Howard Ellsworth "Smoky Joe" Wood (October 25, 1889 - July 27, 1985) was a Major League Baseball pitcher for the Boston Red Sox and an outfielder for the Cleveland Indians during the early part of the 20th century. He is one of only 13 pitchers who won 30 or more games in one season (34-5 in 1912) since 1900.
Mark Steven "The Bird" Fidrych (August 14, 1954 – April 13, 2009) was a Major League Baseball player for the Detroit Tigers from 1976-1980. In 1976, Fidrych led the major leagues with a 2.34 ERA, won the AL Rookie of the Year award, and finished with a 19-9 record.
James Edward "Jimmy" Key (born April 22, 1961 in Huntsville, Alabama) is a former left-handed starting pitcher in Major League Baseball who played for the Toronto Blue Jays (1984–1992), New York Yankees (1993–1996), and Baltimore Orioles (1997–1998). His best personal years were in 1987, when he posted a 17–8 record with a league-leading 2.76 ERA, and in 1993, when he went 18–6 with a 3.00 ERA and 173 strikeouts.
Randall David Johnson (born September 10, 1963), nicknamed "The Big Unit", is a retired left-handed Major League Baseball starting pitcher. Over a 22-year career, Johnson played for six different teams. The 6-foot-10-inch (2.08 m) Johnson has been celebrated for having one of the most dominant fastballs in the game. He regularly approached, and occasionally exceeded, 100 miles per hour (160 km/h) during his prime. However, his signature pitch was a hard, biting slider.
Allie Pierce Reynolds (February 10, 1917 - December 26, 1994) (known as the Superchief) was a pitcher in Major League Baseball. He was born in Bethany, Oklahoma, the son of a strict preacher. His nickname of the Superchief came because he was one quarter Creek Indian (some sources say Cherokee). He was prone to diabetes (which he called "The Indian disease").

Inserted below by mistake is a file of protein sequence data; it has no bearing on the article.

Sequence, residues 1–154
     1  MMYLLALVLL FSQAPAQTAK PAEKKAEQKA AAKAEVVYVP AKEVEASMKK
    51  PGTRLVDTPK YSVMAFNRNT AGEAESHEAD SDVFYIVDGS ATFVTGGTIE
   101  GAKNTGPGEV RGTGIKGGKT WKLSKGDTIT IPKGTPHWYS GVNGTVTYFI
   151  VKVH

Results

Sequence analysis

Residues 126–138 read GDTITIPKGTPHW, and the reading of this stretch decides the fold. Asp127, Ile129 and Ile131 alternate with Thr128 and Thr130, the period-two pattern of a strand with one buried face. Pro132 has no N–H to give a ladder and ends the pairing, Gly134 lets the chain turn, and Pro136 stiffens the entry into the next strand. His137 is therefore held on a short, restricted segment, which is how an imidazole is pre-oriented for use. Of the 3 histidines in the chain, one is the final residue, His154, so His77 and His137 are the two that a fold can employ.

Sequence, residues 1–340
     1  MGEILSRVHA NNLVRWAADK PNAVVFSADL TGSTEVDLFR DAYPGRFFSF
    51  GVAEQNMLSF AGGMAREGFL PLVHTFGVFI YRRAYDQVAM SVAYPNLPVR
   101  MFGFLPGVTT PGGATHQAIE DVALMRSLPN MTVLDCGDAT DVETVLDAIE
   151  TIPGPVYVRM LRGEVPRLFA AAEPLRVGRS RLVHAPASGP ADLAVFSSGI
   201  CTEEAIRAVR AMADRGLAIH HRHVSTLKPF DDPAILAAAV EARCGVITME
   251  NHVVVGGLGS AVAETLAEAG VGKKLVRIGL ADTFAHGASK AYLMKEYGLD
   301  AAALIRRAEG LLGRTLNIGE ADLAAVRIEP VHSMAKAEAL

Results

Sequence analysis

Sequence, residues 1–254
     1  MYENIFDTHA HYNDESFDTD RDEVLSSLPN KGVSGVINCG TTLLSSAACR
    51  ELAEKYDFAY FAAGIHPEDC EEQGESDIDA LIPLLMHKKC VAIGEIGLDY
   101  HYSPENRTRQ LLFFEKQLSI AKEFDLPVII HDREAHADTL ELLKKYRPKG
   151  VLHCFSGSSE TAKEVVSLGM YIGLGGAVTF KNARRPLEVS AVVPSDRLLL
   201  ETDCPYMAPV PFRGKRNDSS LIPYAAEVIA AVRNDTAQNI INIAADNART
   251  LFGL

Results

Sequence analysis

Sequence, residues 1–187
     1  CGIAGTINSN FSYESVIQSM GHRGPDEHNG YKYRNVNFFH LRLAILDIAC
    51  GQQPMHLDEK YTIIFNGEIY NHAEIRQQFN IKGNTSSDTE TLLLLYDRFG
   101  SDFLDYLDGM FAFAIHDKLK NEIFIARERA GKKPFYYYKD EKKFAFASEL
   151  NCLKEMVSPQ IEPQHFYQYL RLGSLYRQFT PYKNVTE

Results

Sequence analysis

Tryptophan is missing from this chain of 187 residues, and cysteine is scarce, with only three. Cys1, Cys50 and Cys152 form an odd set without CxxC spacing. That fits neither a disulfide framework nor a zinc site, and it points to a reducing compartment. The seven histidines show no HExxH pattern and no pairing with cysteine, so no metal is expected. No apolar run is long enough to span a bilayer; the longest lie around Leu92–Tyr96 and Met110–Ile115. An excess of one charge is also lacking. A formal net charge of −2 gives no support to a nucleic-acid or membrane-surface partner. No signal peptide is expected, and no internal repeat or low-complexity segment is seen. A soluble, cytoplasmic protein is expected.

Edmund Walter Lopat (originally Lopatynski) (June 21, 1918 – June 15, 1992) was a Major League Baseball pitcher. Lopat was born in New York, New York. His Major League debut was on April 30, 1944, playing for the Chicago White Sox. He was traded to the New York Yankees on February 24, 1948 for Aaron Robinson, Bill Wight, and Fred Bradley. From 1948 to 1954 he was the third of the "Big Three" of the Yankees' pitching staff, together with Allie Reynolds and Vic Raschi.
Edward Charles "Whitey" Ford (born October 21, 1928) is a former Major League Baseball pitcher who spent his entire 18-year career with the New York Yankees. He was voted into the Baseball Hall of Fame in 1974.
Robert William Andrew "Bob" Feller (born November 3, 1918 in Van Meter, Iowa), nicknamed the "Heater from Van Meter", "Bullet Bob" and "Rapid Robert", is an American former Major League Baseball pitcher. He was inducted into the Baseball Hall of Fame in 1962.
Henry Eugene "Gene" Bearden (September 5, 1920 – March 18, 2004) was a left-handed knuckleball pitcher in Major League Baseball who completed a remarkable rookie season by closing out the Cleveland Indians' last World Series championship in 1948.
Stanley Anthony Coveleski (born Stanley Anthony Kowalewski) (July 13, 1889, Shamokin, Pennsylvania – March 20, 1984) was a Major League Baseball player during the 1910s and 1920s. He was inducted into the Baseball Hall of Fame in 1969. Coveleski, a starting pitcher, was known for throwing the spitball; and he was one of the 17 pitchers permitted to continue throwing the pitch when it was outlawed in 1920.
Early Wynn Jr. , familiarly known as "Gus" Wynn, (January 6, 1920 – April 4, 1999) was a right-handed baseball pitcher for the Washington Senators, Cleveland Indians and Chicago White Sox. He was inducted into the Baseball Hall of Fame in 1972. Armed with a blazing fastball and a hard-nosed attitude, during his career he was identified as one of the most intimidating pitchers in the game.
Edward Miguel "Mike" Garcia (November 17, 1923 – January 13, 1986) was an American right-handed pitcher in Major League Baseball of Mexican-Indian descent who played most of his career for the Cleveland Indians. He was one of the Indians' "Big Four" pitching staff from 1949 to 1954, along with Hall of Famers Bob Feller, Bob Lemon and Early Wynn.